Editor’s note: Bee-ware, a bee picture (for those squeemish like me)


More Fans, Continued from the Front Page

Mr. Brian, with photographical help from Mr. Mike

Fans as Canvases
From water paintings of lotus blossoms to calligraphy, fans were the paper of the past. Back when the artistic fan was invented, around the 2nd century B.C., conventional painting canvases were yet to be discovered, and Chinese often used bamboo fans as objects of artistic expression. These nifty contraptions were totally trendy, portable, and doubly functional as regular fans.
Equally common was the poetic fan, which many poets, upon receiving sudden inspiration, would scribble their strokes of genius onto. These poets often carried many blank fans on their frequent imagination-probing journeys, seeking insights and revelations in foreign cities and distant mountains. When reciting a poem, a Chinese scholar could typically be seen swaying and waving his fan in admiration of lyrical pulchritude.

Fans as Weapons
Much like the ideal ancient Chinese man, both learned and proficient in martial arts (文武雙全), there existed kung fu fans (kung fans for short). At a time when swords, spears, and tigers were readily available, these kung fans were surprisingly the weapons of choice for many warriors, including the famed imperial guards of the Qing Dynasty (and dance teachers). Typically made of sturdy steel, the kung fan was firm and durable when closed and lethally sharp and deadly when open.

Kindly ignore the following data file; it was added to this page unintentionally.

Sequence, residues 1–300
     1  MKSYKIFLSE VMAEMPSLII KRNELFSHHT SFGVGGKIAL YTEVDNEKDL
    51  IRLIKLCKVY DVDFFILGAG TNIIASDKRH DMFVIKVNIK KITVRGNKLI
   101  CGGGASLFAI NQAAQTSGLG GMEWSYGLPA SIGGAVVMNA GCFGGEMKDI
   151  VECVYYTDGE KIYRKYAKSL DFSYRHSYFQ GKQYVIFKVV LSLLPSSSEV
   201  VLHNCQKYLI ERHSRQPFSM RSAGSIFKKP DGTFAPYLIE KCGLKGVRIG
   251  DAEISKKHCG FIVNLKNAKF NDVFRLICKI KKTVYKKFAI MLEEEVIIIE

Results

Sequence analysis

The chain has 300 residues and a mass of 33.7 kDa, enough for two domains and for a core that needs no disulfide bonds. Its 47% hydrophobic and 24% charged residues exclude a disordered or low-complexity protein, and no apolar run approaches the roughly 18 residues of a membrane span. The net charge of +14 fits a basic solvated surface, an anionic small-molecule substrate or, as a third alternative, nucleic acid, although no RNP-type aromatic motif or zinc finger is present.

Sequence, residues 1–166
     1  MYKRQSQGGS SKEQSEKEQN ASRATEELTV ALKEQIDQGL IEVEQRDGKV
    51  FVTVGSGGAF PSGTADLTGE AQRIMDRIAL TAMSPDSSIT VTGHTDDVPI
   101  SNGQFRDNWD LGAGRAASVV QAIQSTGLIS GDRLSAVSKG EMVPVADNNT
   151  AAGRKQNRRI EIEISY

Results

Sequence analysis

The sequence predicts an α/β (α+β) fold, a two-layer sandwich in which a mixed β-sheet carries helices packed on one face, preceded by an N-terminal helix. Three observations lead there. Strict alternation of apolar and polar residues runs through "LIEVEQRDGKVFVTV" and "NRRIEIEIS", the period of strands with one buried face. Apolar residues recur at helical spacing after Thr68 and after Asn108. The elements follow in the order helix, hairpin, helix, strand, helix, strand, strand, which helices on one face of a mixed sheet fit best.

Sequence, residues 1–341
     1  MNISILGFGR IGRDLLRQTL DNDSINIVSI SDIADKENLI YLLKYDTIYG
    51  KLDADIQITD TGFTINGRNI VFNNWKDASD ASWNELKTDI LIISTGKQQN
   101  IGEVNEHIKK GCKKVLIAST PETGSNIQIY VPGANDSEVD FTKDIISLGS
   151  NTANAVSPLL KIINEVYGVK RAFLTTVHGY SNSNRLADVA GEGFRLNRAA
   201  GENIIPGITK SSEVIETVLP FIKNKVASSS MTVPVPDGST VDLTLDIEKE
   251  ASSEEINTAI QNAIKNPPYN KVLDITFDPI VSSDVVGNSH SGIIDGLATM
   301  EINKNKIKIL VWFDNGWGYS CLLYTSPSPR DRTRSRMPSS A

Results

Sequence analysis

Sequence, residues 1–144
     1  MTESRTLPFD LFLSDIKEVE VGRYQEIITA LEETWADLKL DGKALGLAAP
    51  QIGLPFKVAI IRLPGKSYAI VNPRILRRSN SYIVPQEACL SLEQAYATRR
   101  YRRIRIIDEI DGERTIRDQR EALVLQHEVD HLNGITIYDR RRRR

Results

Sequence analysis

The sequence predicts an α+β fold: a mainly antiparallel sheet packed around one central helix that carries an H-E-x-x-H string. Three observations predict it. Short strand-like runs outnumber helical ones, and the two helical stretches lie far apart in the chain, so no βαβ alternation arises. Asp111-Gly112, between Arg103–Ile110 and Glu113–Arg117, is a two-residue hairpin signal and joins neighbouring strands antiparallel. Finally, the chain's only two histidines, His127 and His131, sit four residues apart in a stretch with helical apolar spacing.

While kung fans were mostly used in close range hand-to-hand combat, smaller fans could also be used as projectiles, causing splash damage when opening before impact. They also provided a much-needed breeze in the heat of battle.
The kung fan was equally befitting the stealthier mercenary, its commonplace usage a convenient disguise. Already a great weapon in its own right, small knives or poison darts could also be hidden within the fan’s individual blades, supplying the aspiring assassin an array of deadly options.